8. X-Pointer Mobile Presenter ($39.99) by Satechi

This is the most diminutive and hardest to use stylus of the bunch. It’s just hard to hold onto the tiny rubberized casing over long periods of time. But the X-Pointer stylus is more an afterthought to a case than it is a serious stylus. The real gem in this setup is the internal laser pointer and free app that allows full control of Keynote and PowerPoint presentations on a PC or Mac through the Mobile Presenter. Let me back up a bit. The stylus is wrapped around a metal tube, that when extracted (making the stylus useless) and inserted into the audio port of an iPhone, turns the iPhone into both a presentation remote and a laser pointer. If you don’t use a stylus very often, but you do give a lot of presentations from your OSX or Windows machine, this tiny little add-on may be just enough stylus to meet your needs, with plenty of presentation power to impress your audience.

9. Pogo Sketch + ($14.95)Pogo Sketch Pro ($24.95) by Ten One Design

The Pogo Connect won the overall competition, but it isn’t the company’s only stylus product. The Pogo Sketch + is a good basic stylus and the Sketch Pro is a solid, elegantly designed stylus for artists at heart. If you are going to spend money on a basic stylus, make it a good one. Pogo Sketch + is one of the best for under $15. It is well constructed, includes a clip for pocket, backpack or other holder, and provides good overall performance. If you like input via stylus, I would suggest you spend $10 more, however, and buy a Sketch Pro. This stylus offers a nicely constructed, tapered shaft that feels more like a brush handle than a pen. Pogo has been in the stylus business for a long time, they offer a range of products, all of which are top notch.

10. Universal Stylus ($21.95), Duo Stylus Pen ($25.95)  by TruGlide

I really like the design of these two stylus offerings from TruGlide, unfortunately, I’m not a fan of the microfiber tip they use in place of the capacitance rubber material used in most other stylus products. The engineering overall, however, is excellent. If aren’t sure about a microfiber tip, try to find one to try before you buy. Use of standard refills for the Duo is a plus, as is the ease of flipping the cap from end-to-end.

11. Bamboo Stylus Solo ($29.95) by Wacom 

This stylus’s bigger brother won the competition for best stylus with a pen in iPhone Life’s print edition. This inkless version sports the same wide tip, good screen traction and good handling as is slightly more expensive cousin, but when it comes to price, the Solo is overpriced for a basic stylus.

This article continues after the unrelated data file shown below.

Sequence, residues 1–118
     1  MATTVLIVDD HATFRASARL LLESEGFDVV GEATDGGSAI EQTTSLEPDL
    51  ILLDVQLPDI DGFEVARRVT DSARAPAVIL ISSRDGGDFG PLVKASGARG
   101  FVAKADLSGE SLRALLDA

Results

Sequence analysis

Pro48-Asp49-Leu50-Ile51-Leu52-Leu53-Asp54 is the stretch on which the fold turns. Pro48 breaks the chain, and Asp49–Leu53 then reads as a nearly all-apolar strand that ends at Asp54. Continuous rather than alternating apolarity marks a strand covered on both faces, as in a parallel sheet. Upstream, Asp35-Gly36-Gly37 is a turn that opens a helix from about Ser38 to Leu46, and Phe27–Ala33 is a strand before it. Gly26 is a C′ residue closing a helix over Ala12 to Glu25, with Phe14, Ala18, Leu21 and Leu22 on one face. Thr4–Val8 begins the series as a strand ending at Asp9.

12. Incipio Inscribe Executive Stylus & Pen ($24.99)

At the end of the day, I usually stick my Incipio Inscribe Executive Stylus & Pen in my shirt pocket. It writes with ink, retracts its pen cartridge, sports a serviceable stylus, looks good and clips without tearing the fabric of my shirt. All of these other designs have their unique advantages and their quirks, but a practical user needs a stylus that can be deployed quickly and doesn’t require a lot of maintenance or care. For every box and sleeve that portends a fine instrument, precious seconds are lost between idea and execution when using it.  It takes time to find, unscrew, or slip the stylus out of its sleeve. Variety is a wonderful byproduct of innovation. And stylus manufacturing has certainty created a number of innovative designs, interesting ways to carry or protect extra tips, and a short list of auxiliary functions that can complement something as narrow and short as a six-inch tube. When you find the stylus that really works for you, you will know it. As a friend of mine, a comic book aficionado said to me recently, “The Pogo Connect has changed my life.” That’s an endorsement. I haven’t yet found the stylus to change my life, but I’m going to keep looking — and I’m going to keep writing about the quest.

 

The Verdict...

I created the table below ranking each of the styluses in the following areas:

Usability: How did the stylus perform;

Design: Look, feel, materials, manufacturing precision, finish, ease of replacing tips or ink, number of parts, etc;

Unique Features: Did the stylus offer any unique features that set it apart from the others (laser pointer, unique tip, etc.);

Durability: Was the stylus designed to last;

Price: How far off the average was the price. Did the unique features justify a higher price.

ManufacturerProductPriceUsabilityDesignUnique FeaturesDurabilityPriceOverall Score
Applydea.comMaglus Stylus $33.003335216
ArcticThe Architect Stylus $22.953425418
GoSmart200/300 series $23.954452419
GriffinGriffin Stylus + Pen + Laser Pointer  $29.994453420
HandHand Stylus $29.953334417
JustMobileAluPen $24.953325417
JustMobileAluPen Pro $39.953334215
NomadbrushNomadbrush FLeX $29.993442316
SatechiX-Pointer Mobile Presenter $39.951353214
Ten One DesignPogo Sketch + $14.953334518
Ten One DesignPogo Sketch Pro $24.954444420
TruGlideDuo Stylus Pen         $25.953443418
WacomBamboo Stylus Solo $29.953333214
IncipioInscribe Executive Stylus & Pen $24.994433418
 Average price: $28.25      

 

 

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Daniel Rasmus's picture

Daniel W. Rasmus, the author of Listening to the Future and Management by Design, is a strategist, industry analyst, and business correspondent for iPhone Life magazine. Prior to starting his own consulting practice, Rasmus was the Director of Business Insights at Microsoft Corporation, where he helped the company envision how people will work in the future.

Before joining Microsoft, Rasmus was Research Vice President at the Giga Information Group and Forrester Research Inc. Rasmus also is an internationally recognized speaker. He blogs regularly for Fast Company and on his own blog, Your Future in Context. His education-related work can be found at Learning Reimagined.